Gift cards were introduced in the mid ’90s by Blockbuster. Aite Group forecasts that prepaid retail transactions will grow to $252 billion dollars market-wide by 2016, with prepaid making up 5 percent of all retail transactions. More than $1 billion on gift cards goes unredeemed annually. (One thousand million = 1Billion). If the state of domicile explicitly exempts gift cards from escheat, the issuer can generally recognize breakage income for cards with an “unknown owner.” Companies have to do relatively little for those easy earnings, just buy some plastic cards or implement digital ecards or branded currency. DELAY IN RECOGNITION OF SALE Bulletin no. 101 requires the transfer of product (merchandise) as a necessary condition for revenue to be recognized. So, instead of recognizing actual revenue on the sale of gift cards, retailers record a deferred revenue liability on the balance sheet for the cash exchange until the gift card is redeemed. Popular unclaimed property compliance management techniques are for holders to establish separate gift card management companies or other entities. These companies/other entities manage a gift card program from the purchase and design of cards to the sale of cards, tracking, redemption and other aspects of marketing gift cards. Depending on where it is domiciled and other factors, the management company/other entity also may be intended to enhance unclaimed property compliance with respect to unredeemed gift card balances. Consumer behavior trends show 10-19% of many gift card purchases will never be redeemed, the key element in maximizing revenue via breakage. A quarter of gift card recipients still haven't spent gift cards a year after receiving them. "The Gift That Keeps Giving" is also a 3 minutes 20 seconds long Christmas single.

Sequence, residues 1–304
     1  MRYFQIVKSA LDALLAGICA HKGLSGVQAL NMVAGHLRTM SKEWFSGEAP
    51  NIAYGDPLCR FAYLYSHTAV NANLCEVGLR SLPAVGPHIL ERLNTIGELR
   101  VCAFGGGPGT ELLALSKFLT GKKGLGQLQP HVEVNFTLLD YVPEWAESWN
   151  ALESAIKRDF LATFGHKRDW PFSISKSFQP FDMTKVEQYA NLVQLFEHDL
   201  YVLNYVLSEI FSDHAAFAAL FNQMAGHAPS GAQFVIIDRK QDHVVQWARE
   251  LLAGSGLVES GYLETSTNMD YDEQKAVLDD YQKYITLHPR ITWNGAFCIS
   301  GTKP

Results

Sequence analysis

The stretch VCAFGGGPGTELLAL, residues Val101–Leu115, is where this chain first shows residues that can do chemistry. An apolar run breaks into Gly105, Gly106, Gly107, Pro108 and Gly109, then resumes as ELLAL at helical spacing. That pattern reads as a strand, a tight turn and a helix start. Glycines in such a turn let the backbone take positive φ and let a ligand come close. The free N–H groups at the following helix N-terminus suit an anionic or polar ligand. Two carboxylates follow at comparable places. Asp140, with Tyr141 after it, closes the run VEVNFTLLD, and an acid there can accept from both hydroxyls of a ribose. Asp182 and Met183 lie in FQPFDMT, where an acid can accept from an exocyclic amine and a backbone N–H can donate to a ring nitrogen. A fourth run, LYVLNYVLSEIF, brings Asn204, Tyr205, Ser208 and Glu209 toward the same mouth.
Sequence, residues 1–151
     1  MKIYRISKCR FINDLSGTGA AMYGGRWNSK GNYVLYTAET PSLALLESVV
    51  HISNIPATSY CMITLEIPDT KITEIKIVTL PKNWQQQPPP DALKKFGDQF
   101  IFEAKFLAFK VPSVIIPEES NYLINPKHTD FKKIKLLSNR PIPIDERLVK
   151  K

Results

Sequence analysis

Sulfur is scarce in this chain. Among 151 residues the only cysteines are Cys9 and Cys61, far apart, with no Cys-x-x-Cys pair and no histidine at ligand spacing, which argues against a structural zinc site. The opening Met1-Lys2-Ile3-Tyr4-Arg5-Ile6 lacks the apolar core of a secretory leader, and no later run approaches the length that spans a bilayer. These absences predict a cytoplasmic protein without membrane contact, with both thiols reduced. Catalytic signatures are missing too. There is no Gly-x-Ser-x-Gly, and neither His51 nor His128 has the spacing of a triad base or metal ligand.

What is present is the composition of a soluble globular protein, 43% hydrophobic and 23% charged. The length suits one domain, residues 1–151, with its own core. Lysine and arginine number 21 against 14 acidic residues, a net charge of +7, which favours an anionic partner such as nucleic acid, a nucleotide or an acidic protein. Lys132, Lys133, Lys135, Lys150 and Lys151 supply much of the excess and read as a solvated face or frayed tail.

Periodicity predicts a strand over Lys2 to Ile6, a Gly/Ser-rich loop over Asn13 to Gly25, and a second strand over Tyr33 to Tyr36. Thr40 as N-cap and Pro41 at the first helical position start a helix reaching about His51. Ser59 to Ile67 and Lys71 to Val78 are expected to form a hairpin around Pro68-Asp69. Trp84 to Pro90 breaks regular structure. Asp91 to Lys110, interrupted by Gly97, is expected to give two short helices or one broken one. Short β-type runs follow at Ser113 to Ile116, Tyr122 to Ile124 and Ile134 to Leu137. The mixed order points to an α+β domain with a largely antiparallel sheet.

Federal Reserve's Highlights Of The Gift Card Rule
Arizona: Expiration and fees allowed only if they are made clearly visible to consumer before purchase. Does not cover prepaid telephone cards or promotional or rewards cards.
Ariz. Rev. Stat. Ann. §44-301(15) Gift certificates/cards are not considered property and not subject to escheat laws.